Copyright © Louis Schmier and Atwood Publishing.
Date: Sat 11/8/2003 8:00 AM
I've been talking with a lot, and I mean a lot, of professors off-list from around the country as a result of their responses to my latest "On Teaching" Random Thought series. Most feel trapped in a limbo, stuck between two worlds. At times they have what W.E.B.Dubois called "a two-ness": living in the two worlds of researching/publishing scholarship and teaching, not quite completely belonging to either or allowed to belong to either. I know how they feel, I, too, have felt that way--and, at times, still do. I have scholarly roots with a national scholarly reputation and a scholarly resume a mile long. In that world of the scholar is where I was trained. Now I am solely living as a teacher and have something of a reputation and a resume a mile long. In this world I have trained myself. I can't forsake the former. I wouldn't want to, although I now only engage in it by reading voraciously to "keep abreast" or occasionaly to consult. "They" tell me--well, no one has told me to my face--that it is a conflict between "content" and "process," that in the latter world where I now reside that is too much process and not enough content. To be honest, no one has told me what "too much" and "not enough" mean. Let me give you an example why I reject that.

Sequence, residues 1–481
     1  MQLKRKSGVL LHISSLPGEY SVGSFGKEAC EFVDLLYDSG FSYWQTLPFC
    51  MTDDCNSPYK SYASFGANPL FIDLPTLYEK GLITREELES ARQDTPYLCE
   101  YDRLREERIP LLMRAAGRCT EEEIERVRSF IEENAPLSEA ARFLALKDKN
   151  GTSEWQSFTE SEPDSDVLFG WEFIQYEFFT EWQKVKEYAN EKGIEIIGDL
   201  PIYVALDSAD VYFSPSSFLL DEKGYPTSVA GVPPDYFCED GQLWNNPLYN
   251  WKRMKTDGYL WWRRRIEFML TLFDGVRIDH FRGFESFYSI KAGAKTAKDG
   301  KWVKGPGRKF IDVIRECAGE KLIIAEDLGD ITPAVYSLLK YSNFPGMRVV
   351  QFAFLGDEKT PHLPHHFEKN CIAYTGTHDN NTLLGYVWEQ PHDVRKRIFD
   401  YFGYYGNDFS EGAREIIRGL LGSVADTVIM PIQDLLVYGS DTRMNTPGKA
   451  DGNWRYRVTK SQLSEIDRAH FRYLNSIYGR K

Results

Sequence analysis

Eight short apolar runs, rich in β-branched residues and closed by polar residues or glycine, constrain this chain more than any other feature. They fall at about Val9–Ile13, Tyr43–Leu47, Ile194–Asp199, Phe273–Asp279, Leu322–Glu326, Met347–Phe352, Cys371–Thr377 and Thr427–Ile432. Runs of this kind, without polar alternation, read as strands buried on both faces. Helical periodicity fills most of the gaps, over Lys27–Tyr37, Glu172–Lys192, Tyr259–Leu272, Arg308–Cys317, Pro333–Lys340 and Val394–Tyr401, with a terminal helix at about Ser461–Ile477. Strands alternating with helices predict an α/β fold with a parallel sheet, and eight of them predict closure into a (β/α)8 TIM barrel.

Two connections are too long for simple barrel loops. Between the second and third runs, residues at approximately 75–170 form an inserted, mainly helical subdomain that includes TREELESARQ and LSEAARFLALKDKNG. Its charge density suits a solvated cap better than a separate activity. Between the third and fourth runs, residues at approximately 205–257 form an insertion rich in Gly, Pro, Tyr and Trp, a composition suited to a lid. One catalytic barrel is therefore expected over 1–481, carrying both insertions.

I once wrote, and it bears constant repeating I wish studnets realized that history is not as it is too often portaryed: a dull collection of meaningless facts about dead people, a series of flatten names and dates whose significance is only in memorization for a test, a collection of maps and charts and diagrams and statistics. I would hope they would begin to understand that history it is about real, flesh and blood, complicated and mysterious and unique individuals who itched, urinated, scratched, laughed, ate, made love, cried, dreamed, hated fought, killed, saved, loved, and hurt; who--known or unknown--by their mere presence made a difference however supposedly slight or monumental; who had strengths and weakness; who were violent and peaceful, who dreamed and feared, who dared and cowered, who risked and played it safe, who achieved and failed, who fell and stayed down, who fell and got up to strove, who were criminal and law-abiding, who were resolute and indecisive, who led and who followed, all of whom were unique individuals. That is a demanding demand, to bring the material to life, to give the students a living experience, to provide meaning and relevance, in almost every subject. That is the why of field studies, service, internships, shadowing, mock trials, exchanges. etc.